A young Chicago woman was shot to death Monday, just weeks after being crowned winner of a renowned modeling contest and only blocks from where a 9-year-old boy was gunned down hours earlier.
Kaylyn Pryor, winner of Mario Tricoci’s 2015 "Mario, Make Me a Model" competition, was standing outside with a 15-year-old boy in the 7300 block of South May Street around 6:20 p.m. Monday in the city’s Englewood neighborhood when a vehicle pulled up and opened fire, according to police.
Both 20-year-old Pryor and the boy were shot, police said, and the car drove off. The two were rushed to Advocate Christ Medical Center, where the teen survived and is in critical condition, police said. Pryor was pronounced dead. Police said Pryor’s fatal gunshot wound was a hit to the right armpit, while the teen was struck in the scrotum.
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Pryor’s father told NBC 5 his daughter was leaving her grandparents’ house in the neighborhood and walking to the bus stop to travel back to their Evanston home to sign a modeling contract at the time of the shooting. He said the teen she was with was not a close friend and just a boy from the neighborhood.
"I didn't know she had died. It really took me a while to get to the hospital," her father Alan Scott said. "I just hoped and prayed it wasn't so bad."
Police do not believe Pryor was the intended target in the shooting, but it is likely the gunfire was in some way gang-related. It is still unclear if the teen she was standing with at the time of the shooting had ties to a gang, police said, or if he was intentionally targeted.
Her death comes just over a month after the Evanston native was crowned winner of a modeling contest, which ended with a Sept. 25 celebration and fashion show at the Redmoon Warehouse in Chicago, with more than 1,000 supporters and fans in attendance.
The man behind the contest, Italian native Mario Tricoci, began his fashion and beauty career in Europe before sweeping the Chicago-area with his first salon in Villa Park, Illinois. He now has more than 13 salons and day spas throughout the city and suburbs.
“We are saddened and broken-hearted to learn of the tragic passing of Kaylyn Pryor. Our hearts and prayers go out to her family," Tricoci said in a statement Tuesday morning. "This touches every one of us who knew and worked with her. Kaylyn will be remembered for her kind and generous spirit. She truly was beautiful inside and out.”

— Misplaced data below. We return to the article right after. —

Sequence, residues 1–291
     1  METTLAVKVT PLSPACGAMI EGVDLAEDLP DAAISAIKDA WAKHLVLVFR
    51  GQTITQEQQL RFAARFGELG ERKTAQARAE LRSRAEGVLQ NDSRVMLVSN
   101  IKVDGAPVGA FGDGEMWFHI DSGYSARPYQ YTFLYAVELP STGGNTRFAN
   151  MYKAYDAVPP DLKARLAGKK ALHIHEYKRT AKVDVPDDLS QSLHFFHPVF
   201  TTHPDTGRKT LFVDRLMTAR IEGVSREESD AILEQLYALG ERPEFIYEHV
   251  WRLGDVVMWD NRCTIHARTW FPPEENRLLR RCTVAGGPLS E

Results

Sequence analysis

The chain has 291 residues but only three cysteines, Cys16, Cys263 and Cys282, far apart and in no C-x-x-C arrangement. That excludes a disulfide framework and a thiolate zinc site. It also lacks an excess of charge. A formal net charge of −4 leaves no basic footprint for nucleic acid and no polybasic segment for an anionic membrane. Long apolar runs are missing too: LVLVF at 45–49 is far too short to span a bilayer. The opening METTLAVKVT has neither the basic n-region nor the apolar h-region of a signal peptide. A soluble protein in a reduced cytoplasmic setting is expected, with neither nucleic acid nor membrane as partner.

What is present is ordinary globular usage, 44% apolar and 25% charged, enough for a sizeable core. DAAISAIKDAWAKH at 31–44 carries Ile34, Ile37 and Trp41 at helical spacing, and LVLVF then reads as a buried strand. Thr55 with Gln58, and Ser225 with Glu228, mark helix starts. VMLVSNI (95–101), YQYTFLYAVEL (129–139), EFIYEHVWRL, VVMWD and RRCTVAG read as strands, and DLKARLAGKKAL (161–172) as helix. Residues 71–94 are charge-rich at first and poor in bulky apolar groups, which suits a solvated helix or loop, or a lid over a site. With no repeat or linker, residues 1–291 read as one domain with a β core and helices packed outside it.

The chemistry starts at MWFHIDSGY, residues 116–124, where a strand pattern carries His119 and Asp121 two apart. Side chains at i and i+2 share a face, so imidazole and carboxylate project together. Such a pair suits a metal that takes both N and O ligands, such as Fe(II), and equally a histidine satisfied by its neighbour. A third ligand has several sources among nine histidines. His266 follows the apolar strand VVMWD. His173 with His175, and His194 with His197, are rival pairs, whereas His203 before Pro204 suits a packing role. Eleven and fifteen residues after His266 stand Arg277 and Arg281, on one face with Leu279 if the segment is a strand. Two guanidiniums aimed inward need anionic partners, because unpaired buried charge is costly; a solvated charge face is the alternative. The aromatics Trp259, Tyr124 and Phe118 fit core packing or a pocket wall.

According to her profile on the annual contest's website, Pryor enjoyed dancing, choreography, poetry and drawing, in addition to modeling. Her grief-stricken father, still coming to terms with his daughter’s death, said her recent contest win was just one of the many things his bubbly, energetic daughter was looking forward to in her bright future.
Modeling was something that came natural to the ambitious woman, he said, and was unexpected. She never took classes but stumbled upon Tricoci’s contest and decided to enter, ultimately garnering enough votes to take home the grand prize.
Following the win, Pryor signed with Factor Modeling Agency and was going to school at Robert Morris University’s Illinois campus with her sights set on becoming a paralegal.
"Everyone loved her," he said, citing her infectious and warm personality that drew others in.
Hundreds took to social media Tuesday morning to express despair over her sudden passing.
"So sad that she dies from senseless gun violence when just weeks ago she won this bright promising modeling," one tweet read.
"I honestly can not fathom a reason that a person can take another person's life. I'm sick," said another. "Rip Kaylyn Pryor. You did not deserve this."
The deadly shooting occurred less than two hours later and only blocks away from where a fourth-grader was shot and killed after coming home from elementary school.
"Gun violence in Chicago is not a joke," her sister Chantal Pryor said. "It's taking away all the innocent, talented kids and for what?"
"She's a gun violence statistic," her father said.
Just last week, President Barack Obama addressed the gun violence afflicting his hometown and urged cooperation between police officers and communities.
Obama listed statistics about lower crime rates nationwide, saying the crime rate across the country is now half of what it was 20 years ago - except in some cities, like Chicago, where violent crime has increased.
"I live on the South Side of Chicago, so my house is pretty close to some places where shootings take place," Obama said. "Because that's real, we have to get on top of it before it becomes an accelerating trend."
In September, the city saw one of its most violent months in years, with two consecutive weekends of more than 50 people shot. In a single day, on Sept. 2, nine people were killed and at least 12 others were wounded in shootings across the city, making it the deadliest day in the city in over a decade.